JERSEY CITY, NJ - Do people with healthier sleep habits have a better chance of avoiding the flu? This is very likely, said Dr. Jyoti Matta, a pulmonologist and director of the Center for Sleep Disorders at Jersey City Medical Center — and that even includes people who have gotten a flu shot.

A recent CNN report, citing studies published by the Journal of the American Medical Association and the International Journal of Behavioral Medicine, suggested that consistent, healthy sleep can contribute to increased efficacy of the influenza vaccine. Dr. Matta is not surprised. 

“The efficacy of the flu shot is not 100 percent,” said Dr. Matta, a board-certified sleep specialist who treats disorders that include insomnia, sleep apnea, and restless legs syndrome. “If 100 people get the shot, perhaps 30 or 40 might still get the flu. With any medicine or vaccine, we try to improve the effectiveness of the product. And one of those parameters for patients is to optimize their sleep.”

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Dr. Matta explains that increased levels of cortisol as well as melatonin, a hormone manufactured by the body to regulate the sleep-wake cycle, can increase inflammatory response in people who do not get enough sleep. This inflammation may interfere with the antibodies and immune response produced by the flu vaccination. 

“This is a problem we often see with college students, as well as nurses and other shift workers,” said Dr. Matta. “And it’s even more prevalent now, due to the anxiety and uncertainty we are all facing, as well as the increased prevalence of remote working and home-schooling.” In addition to unhealthy sleep habits contributing to a less effective flu shot, she said, poor sleep hygiene may also increase an unvaccinated patient’s susceptibility to the flu and other infections.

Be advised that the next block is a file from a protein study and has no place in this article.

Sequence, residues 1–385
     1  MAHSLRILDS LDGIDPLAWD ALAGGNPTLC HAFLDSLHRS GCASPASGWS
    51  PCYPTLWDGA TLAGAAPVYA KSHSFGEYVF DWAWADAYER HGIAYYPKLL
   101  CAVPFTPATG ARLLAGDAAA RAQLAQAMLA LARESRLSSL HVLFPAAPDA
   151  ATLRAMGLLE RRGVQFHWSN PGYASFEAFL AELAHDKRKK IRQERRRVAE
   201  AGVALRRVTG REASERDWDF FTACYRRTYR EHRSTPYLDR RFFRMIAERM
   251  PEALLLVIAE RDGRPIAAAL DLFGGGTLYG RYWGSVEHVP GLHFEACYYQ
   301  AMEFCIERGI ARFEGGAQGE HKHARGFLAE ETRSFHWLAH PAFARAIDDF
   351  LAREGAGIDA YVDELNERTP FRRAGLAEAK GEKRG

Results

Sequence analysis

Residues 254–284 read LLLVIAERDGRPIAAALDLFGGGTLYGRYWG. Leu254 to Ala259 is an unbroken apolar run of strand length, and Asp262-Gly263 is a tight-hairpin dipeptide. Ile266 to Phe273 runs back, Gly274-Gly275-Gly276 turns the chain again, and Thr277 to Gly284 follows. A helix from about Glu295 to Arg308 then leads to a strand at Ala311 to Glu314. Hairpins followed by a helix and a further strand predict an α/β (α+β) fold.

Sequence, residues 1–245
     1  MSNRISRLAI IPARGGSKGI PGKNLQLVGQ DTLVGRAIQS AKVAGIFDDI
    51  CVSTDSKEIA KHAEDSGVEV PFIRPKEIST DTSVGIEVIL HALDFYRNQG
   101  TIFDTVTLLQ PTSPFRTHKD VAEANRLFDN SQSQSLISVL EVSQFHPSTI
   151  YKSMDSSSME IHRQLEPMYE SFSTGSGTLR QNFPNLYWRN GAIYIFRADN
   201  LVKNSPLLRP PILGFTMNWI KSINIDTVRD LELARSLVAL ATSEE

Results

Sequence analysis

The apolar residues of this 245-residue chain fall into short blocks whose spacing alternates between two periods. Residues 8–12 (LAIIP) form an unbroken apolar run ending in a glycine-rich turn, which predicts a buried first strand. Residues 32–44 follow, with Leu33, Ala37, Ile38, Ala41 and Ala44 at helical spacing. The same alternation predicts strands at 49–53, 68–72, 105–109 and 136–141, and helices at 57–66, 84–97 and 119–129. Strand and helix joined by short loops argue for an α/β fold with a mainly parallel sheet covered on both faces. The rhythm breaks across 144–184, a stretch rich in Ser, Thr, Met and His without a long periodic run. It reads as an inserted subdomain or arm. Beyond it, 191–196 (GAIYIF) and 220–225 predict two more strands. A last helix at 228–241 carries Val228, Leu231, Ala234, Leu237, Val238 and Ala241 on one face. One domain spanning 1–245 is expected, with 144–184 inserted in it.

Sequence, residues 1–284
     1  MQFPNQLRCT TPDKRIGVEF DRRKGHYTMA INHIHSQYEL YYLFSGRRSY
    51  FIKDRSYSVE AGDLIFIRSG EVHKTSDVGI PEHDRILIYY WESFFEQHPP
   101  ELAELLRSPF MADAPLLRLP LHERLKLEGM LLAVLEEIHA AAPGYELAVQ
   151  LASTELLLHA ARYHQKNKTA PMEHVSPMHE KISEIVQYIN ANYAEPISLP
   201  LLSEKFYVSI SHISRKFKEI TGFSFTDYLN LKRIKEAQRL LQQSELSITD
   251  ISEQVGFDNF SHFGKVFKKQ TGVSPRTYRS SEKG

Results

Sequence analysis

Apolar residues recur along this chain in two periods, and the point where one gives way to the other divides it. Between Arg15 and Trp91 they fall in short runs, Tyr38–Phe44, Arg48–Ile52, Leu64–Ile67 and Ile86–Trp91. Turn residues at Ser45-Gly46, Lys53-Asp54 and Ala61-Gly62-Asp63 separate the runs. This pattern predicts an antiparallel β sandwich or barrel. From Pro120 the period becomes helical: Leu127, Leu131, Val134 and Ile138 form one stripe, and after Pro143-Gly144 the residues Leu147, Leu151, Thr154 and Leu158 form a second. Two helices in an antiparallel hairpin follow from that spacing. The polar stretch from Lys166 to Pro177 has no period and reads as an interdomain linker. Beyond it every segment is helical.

Dr. Matta offers several suggestions to improve long-term sleep hygiene: 

  • Get a minimum of seven hours of sleep per night and have a fixed daily schedule for bedtime and waking.
  • Reserve bedrooms for sleeping — avoid screen-time activities such as watching television and using phones and tablets.
  • Shift workers who must sleep during the day should try to minimize disruptions and use masks or blackout curtains to ensure the optimum amount of uninterrupted sleep.
  • Those who are experiencing excessive daytime sleepiness, or other signs of a possible sleep disorder, should consult a physician. 

“Our already hectic personal and professional lives, combined with the added stressors many of us are presently experiencing, can make it difficult to maintain proper sleep hygiene,” Dr. Matta said, “but the health benefits are well worth the effort. And of course, I encourage everyone to make sure they and their family members get their flu shots every year.”